Amherst College ends admissions preference for children of alumni
Amherst College announced on Wednesday that it will no longer give admissions preferences to the children of alumni, saying that ending the practice will create "greater opportunity for more applicants."
Why it matters: Favoring children of alumni or "legacy students" is common practice in many college admissions offices. But the practice has come under fire in recent years for reinforcing inequities and tending to benefit the wealthy and well-connected.
Details: Legacy students make up around 11% of each class at Amherst according to a press release from the college.
- In addition to ending legacy admissions, Amherst also announced they would increase their financial aid to $71 million per year, which could provide support 60% of their students.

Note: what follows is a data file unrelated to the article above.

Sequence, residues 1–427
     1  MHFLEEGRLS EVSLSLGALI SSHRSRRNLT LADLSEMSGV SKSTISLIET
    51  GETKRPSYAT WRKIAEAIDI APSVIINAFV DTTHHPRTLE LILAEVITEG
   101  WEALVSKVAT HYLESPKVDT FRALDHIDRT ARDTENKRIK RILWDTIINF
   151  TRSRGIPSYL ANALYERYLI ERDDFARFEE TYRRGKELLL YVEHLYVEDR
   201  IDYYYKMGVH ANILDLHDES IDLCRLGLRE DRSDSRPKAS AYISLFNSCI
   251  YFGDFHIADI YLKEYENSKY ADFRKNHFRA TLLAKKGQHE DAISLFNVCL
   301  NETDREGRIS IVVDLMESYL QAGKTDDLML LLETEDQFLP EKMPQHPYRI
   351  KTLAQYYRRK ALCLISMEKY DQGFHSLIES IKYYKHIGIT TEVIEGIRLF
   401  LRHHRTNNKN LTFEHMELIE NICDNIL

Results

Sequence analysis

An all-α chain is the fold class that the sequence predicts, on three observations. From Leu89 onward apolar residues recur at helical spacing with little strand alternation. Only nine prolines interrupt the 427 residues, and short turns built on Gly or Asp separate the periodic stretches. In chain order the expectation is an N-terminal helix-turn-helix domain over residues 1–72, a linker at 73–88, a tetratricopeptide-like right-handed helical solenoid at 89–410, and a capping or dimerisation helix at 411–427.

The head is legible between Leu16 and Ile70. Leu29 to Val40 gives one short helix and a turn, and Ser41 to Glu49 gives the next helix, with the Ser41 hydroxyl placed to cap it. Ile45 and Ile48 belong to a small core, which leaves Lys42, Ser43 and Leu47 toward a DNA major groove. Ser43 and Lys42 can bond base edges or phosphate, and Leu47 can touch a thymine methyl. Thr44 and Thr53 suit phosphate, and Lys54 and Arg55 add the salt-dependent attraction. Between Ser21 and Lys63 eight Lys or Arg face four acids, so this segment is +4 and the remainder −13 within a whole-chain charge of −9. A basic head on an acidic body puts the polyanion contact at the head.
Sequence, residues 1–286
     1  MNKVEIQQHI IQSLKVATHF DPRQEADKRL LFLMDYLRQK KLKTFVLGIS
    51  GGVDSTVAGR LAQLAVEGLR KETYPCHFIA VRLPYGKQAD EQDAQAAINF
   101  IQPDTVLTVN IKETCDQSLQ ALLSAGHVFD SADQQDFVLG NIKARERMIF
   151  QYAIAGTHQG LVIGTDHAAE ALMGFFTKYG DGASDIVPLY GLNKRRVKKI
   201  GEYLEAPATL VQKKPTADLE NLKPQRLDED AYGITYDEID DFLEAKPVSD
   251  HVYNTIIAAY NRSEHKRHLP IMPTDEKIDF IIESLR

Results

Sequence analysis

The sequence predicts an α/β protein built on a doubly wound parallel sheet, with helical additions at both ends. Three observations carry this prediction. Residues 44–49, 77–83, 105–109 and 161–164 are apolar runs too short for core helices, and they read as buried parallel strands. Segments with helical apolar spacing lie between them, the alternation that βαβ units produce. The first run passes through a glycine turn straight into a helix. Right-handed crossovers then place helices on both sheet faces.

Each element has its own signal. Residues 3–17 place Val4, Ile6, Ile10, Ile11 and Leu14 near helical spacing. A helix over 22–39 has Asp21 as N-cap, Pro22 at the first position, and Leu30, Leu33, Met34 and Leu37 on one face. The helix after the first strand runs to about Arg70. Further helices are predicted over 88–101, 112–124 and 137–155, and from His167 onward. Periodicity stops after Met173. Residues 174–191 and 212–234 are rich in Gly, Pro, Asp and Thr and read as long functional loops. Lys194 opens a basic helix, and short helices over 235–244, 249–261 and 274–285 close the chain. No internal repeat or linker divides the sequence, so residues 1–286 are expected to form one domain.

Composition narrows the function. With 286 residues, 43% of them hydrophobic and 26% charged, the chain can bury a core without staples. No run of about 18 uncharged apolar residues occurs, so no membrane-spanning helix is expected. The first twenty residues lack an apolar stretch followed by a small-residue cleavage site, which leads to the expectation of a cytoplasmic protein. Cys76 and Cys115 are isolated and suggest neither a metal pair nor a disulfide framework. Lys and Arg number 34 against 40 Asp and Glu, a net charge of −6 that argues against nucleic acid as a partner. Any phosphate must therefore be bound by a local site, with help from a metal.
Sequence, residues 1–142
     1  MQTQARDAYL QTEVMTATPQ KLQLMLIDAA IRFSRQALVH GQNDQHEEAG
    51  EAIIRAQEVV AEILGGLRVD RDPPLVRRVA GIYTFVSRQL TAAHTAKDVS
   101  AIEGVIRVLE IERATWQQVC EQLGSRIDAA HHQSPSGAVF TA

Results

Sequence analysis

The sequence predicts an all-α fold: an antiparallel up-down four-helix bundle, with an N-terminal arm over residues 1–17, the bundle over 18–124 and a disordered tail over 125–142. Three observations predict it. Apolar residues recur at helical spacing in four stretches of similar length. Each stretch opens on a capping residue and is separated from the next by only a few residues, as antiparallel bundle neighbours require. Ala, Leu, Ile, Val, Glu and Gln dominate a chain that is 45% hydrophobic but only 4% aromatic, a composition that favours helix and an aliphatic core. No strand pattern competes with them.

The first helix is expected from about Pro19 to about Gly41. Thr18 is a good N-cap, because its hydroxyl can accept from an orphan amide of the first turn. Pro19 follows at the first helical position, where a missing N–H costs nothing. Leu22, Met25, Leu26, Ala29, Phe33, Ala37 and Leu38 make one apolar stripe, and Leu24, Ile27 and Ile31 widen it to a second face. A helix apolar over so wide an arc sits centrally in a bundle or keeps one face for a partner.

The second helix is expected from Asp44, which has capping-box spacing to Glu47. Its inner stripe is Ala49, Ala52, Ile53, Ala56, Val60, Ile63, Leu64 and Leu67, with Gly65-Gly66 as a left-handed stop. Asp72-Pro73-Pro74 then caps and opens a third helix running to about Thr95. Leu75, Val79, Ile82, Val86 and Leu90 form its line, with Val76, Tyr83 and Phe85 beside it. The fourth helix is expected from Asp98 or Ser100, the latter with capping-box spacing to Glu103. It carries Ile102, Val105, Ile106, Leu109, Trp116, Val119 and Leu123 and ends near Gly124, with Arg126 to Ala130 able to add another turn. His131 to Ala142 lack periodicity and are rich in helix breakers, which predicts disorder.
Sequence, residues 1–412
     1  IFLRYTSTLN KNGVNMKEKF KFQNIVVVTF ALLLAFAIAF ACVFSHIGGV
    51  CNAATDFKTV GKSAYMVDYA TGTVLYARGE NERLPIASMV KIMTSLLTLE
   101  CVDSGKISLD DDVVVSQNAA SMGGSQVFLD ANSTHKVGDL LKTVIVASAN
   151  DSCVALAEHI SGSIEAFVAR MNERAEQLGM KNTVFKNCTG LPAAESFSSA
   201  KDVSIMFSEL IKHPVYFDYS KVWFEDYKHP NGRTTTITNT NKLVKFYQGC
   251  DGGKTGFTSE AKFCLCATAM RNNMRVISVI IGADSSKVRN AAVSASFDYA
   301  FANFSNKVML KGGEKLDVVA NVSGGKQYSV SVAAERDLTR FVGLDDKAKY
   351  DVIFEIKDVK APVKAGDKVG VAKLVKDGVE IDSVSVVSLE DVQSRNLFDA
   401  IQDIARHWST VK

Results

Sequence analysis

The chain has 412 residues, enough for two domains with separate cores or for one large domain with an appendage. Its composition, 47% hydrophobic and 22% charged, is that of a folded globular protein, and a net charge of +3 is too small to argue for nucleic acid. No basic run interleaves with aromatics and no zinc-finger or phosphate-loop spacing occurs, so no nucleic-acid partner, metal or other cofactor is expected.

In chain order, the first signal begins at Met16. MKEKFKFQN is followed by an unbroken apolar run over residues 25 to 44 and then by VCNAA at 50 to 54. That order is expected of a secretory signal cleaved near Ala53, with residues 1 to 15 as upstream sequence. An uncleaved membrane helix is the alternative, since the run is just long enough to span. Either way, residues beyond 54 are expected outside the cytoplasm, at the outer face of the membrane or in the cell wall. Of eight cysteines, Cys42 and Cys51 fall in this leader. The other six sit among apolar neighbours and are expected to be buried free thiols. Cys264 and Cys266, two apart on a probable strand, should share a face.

What they're saying: "Now is the time to end this historic program that inadvertently limits educational opportunity by granting a preference to those whose parents are graduates of the College," said Biddy Martin, president of Amherst College.
- "We want to create as much opportunity for as many academically talented young people as possible, regardless of financial background or legacy status," Martin added.